I’d really like to get back into this blogging business, but I’m not going to make any promises. So I’ll start with some light fare.
A few weeks back, I finished reading 11/22/63 by Stephen King. Incidentally, this is the FIRST Stephen King novel I’ve ever read. Over the years, I’ve had several friends tell me that Misery is a great jumping-on point for the worldof Stephen King; but no, I chose to take on this nearly eleven-hundred page behemoth for a starter.
Time travel stories have always been a big favorite of mine. As an adult, I have become fascinated by the assassination of John F. Kennedy and all the theories surrounding it. A novel that marries these two favorite topics of mine seemed almost too good to be true.
11/22/63‘s main character is Jake Epping, a school teacher and divorcee – that’s where the similarities between Jake and Your Favorite Blogger end. Jake is almost moved to tears by an essay written by one of his GED students, Around the same time, Al Templeton, the owner of a local diner, tells Jake of a time portal located beneath his establishment. After Al introduces Jake to the wonders of time travel, the two address a question that has become the stuff of time-travel cliche – What if you could change history? Al defines the assassination of John F. Kennedy as a watershed moment in world history and charges Jake with the task of preventing it.
There are of course, a few catches. This is not a “time machine”. Jake can only travel back to a certain point in time, in this case 1958. Should he decide to stop Lee Harvey Oswald, he’ll have to wait for events to unfold in the past. Much of the novel’s action includes Jake living in the past, waiting and preparing for the fateful titular day in Dallas. The novel explores the idea of a man living in and having a working knowledge of the past, but addresses the conflict of unfamiliarity with everyday life there.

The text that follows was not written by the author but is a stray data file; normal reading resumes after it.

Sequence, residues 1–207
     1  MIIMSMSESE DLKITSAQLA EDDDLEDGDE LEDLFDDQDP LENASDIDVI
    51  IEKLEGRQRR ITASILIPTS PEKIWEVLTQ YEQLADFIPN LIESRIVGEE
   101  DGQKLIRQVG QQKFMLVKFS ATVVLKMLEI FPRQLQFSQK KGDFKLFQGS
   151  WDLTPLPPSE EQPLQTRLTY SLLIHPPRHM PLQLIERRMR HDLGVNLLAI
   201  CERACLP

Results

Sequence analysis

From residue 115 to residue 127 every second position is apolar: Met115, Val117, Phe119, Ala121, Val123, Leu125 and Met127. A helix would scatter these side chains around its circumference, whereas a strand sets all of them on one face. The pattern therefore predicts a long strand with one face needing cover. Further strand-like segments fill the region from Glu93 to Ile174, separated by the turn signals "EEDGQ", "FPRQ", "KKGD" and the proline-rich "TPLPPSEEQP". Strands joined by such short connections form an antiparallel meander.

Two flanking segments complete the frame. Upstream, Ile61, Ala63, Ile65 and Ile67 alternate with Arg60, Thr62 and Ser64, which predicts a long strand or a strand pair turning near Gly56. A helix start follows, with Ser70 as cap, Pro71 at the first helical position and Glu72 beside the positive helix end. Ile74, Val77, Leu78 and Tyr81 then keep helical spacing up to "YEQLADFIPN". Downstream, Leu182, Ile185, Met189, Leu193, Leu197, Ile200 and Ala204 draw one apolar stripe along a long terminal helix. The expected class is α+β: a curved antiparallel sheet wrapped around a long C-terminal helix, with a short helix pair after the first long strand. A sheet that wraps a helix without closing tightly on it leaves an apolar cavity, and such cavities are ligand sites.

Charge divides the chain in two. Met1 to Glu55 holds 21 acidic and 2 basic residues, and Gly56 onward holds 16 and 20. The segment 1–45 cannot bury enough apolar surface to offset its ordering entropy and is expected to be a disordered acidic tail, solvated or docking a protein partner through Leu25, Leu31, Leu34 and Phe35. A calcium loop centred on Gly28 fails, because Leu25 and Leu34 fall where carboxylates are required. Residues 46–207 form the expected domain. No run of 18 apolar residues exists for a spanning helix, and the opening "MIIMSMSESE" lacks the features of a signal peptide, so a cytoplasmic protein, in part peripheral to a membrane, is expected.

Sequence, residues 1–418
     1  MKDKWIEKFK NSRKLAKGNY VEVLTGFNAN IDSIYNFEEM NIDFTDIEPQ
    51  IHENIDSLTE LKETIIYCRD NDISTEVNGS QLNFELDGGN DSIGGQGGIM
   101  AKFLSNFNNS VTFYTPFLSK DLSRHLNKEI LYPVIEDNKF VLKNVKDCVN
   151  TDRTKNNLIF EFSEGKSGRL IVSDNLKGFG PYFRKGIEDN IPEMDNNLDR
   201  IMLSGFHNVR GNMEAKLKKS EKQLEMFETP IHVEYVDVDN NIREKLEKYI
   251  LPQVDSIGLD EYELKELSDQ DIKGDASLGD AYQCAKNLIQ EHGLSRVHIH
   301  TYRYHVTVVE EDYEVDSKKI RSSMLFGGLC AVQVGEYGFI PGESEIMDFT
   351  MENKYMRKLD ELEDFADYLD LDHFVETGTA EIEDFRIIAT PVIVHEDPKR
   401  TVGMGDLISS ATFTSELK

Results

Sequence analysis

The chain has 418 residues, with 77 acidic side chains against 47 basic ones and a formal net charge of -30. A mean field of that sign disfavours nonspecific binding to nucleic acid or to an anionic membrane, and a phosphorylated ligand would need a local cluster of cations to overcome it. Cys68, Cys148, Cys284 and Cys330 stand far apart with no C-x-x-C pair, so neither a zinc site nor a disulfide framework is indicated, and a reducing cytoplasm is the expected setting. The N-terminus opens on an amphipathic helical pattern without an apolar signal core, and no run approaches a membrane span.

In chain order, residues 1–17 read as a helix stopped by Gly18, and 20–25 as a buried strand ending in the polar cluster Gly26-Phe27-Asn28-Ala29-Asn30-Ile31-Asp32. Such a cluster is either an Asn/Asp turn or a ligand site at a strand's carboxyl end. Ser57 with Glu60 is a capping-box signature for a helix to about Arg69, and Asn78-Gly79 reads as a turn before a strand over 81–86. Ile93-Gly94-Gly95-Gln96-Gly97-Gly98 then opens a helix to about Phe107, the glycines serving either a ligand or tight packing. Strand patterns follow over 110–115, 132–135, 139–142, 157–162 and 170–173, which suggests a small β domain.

I was absolutely hooked on this book. I typically don’t read books of this size, but I was amazed at how quickly I moved through it. At times, I found it easy to get lost in the daily minutiae of Jake’s life in the early 1960s – making a living, working, personal relationships – and actually lose sight of his over-riding mission to save the President. To that end, I was absolutely amazed at the level of research that King, and his researcer put into the creation of this story.
If you were history, how would the world be different? What would be the inherit dangers of something as exciting as time traveling? These are all questions the novel explores. Inevitably, King does have to address the conspriacy theories regarding Kennedy’s death. He makes a nearly-definitive statement on this matter – stating both in the novel and in interviews that he’s pretty sure Oswald acted alone – though in the story Jake does take steps to determine once and for all if Oswald was infact, the sole assassin.